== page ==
Cover Letter / December 22, 2018 / Loraine Cohen
The Functional Resume Format The functional resume format is not as common and most often recommended for people who have gaps in their work history or for those who have been out of the workforce for a while. What is most prominent about this resume format is the candidates skills attributes and accomplishments. A career objective should also be included as well as any educational qualifications. The actual jobs however do not include the dates. The career history section will typically be limited to a list of company names location of each company and job titles. One advantage to using this format is that it usually shortens the length of a resume. If youve got a 25 year job history and several jobs where youve performed a lot of the same duties you can imagine how lengthy (not to mention repetitive) your resume might get.
Each entry MUST be followed up with verifiable evidence that you indeed have practical knowledge and application of the stated skill. So ... how do you know which resume format to use? This ultimately depends on the job you are applying for previous work history and skills. A simple rule of thumb is if the job you are applying for is similar to other jobs you have had in the past you can use the "professional" format. If the job your applying for is not similar to other jobs you have had in the past you may want to use the "skills" format. Regardless of which you ultimately end up using writing a draft of your resume in each helps you focus on results and skills that future employers are looking for. Previously I never really thought much about resume formats but one day I realized having periods of unemployment on my resume may be costing me interview opportunities. To take the focus off of these gaps in my employment history I wanted to design my resume so the focus is on the skills I have and how I have applied them successfully in my career. I found out there was a functional resume format which does just what I was looking for. I am certainly not the only one out there who is frustrated with standard formats for resumes and feels as though these do not work well for them. Many of these people get discouraged when they review their own resumes and wind up not applying for jobs they really want just because they feel their resume is not strong enough. I was one of these people and routinely avoided applying for certain jobs because I was not happy with my resume but then I learned different formats could really improve my resume.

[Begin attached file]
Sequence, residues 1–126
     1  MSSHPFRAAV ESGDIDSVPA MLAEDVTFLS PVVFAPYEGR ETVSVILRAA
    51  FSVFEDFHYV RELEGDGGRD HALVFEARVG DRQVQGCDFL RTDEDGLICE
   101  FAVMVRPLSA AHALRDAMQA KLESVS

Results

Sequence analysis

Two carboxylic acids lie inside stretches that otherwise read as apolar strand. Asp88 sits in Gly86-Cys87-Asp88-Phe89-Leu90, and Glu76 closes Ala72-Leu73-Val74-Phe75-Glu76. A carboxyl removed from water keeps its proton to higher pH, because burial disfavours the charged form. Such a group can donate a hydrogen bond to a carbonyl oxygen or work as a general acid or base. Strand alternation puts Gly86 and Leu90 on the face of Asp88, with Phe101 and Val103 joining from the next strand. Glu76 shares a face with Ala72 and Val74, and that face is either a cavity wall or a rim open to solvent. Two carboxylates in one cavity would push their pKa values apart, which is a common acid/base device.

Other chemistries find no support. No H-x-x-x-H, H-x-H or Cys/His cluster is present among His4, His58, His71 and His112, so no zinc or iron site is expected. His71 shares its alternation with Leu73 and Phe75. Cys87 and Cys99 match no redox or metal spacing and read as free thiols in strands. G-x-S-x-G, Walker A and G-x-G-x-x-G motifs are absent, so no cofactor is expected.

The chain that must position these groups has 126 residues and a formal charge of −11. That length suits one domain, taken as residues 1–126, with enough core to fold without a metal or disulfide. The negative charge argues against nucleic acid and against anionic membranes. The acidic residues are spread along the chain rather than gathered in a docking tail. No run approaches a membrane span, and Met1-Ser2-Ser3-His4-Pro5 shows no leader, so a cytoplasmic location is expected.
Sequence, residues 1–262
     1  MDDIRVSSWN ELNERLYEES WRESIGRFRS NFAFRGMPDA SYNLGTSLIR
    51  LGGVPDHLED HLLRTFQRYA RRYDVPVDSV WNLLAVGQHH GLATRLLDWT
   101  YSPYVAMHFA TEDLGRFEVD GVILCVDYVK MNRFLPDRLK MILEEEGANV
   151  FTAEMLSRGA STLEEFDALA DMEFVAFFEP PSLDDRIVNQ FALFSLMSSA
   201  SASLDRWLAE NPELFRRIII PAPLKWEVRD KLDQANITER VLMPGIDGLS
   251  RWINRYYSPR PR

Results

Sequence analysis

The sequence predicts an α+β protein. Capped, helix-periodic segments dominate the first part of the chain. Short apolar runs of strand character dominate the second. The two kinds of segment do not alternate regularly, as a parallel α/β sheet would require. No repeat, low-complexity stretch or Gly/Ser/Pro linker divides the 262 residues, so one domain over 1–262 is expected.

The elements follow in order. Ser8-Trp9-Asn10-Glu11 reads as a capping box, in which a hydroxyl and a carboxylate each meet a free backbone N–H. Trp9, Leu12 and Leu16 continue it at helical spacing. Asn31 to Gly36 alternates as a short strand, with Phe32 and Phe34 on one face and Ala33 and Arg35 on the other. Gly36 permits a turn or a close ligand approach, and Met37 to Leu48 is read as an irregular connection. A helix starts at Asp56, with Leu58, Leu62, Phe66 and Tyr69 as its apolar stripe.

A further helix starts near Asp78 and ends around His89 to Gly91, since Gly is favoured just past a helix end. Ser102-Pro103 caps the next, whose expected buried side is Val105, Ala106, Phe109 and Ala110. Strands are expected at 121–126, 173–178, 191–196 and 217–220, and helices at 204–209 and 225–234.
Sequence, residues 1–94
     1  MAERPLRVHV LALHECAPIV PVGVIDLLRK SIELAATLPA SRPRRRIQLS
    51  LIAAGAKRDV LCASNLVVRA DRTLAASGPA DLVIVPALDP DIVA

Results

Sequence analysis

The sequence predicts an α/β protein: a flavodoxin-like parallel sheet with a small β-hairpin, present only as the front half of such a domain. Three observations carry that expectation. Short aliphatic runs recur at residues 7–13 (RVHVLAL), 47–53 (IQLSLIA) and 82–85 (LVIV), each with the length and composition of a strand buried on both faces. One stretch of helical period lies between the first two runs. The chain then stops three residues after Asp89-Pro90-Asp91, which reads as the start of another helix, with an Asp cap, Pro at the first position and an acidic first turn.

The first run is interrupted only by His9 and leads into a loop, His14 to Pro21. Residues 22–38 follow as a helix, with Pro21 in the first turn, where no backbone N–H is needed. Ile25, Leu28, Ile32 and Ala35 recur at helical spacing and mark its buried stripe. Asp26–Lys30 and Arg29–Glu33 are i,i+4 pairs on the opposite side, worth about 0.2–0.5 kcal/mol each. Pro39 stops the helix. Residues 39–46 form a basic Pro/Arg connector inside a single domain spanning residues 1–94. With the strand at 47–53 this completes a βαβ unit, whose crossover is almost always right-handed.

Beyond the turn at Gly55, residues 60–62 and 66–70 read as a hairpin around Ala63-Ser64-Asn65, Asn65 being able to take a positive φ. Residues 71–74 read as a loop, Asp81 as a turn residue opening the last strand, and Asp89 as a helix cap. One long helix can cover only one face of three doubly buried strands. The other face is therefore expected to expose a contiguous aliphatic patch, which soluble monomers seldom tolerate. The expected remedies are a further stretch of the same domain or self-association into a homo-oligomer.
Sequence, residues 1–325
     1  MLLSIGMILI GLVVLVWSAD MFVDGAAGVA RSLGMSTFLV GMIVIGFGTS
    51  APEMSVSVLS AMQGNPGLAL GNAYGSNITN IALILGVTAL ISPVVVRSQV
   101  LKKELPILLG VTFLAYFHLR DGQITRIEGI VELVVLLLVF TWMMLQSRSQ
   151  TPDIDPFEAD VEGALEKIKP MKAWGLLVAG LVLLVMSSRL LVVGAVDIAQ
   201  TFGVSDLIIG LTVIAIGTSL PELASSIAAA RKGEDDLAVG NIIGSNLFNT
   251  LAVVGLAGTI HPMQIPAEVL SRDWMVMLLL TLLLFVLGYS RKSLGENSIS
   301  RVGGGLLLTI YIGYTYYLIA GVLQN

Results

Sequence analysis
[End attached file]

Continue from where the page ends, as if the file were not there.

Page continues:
When the reader can understand what you are attempting to convey it is easier for them to evaluate your potential ability to do the job. Your resume formats should include a good font. Do not choose something because you think it gives the resume more personality or makes it more personal. Choose something that is easy to read and will not cause eyestrain. You need to have the opportunity to capture the reader with your words. Keep in mind that if you are using boxes lines or shading in your resume formats that they can be very confusing if they are not used properly. The most effective use for these types of graphics is to delineate the sections of your resume such as your experience or your educational background. Keep in mind that your resume formats should always maintain a professional air. Certainly the resume you submit does not have to adhere to resume formats that one would use for an executive position for a Fortune 50 company if you are applying for a position in customer service at a cell phone company but it still must show that you are committed to being professional in your role as an employee of their company.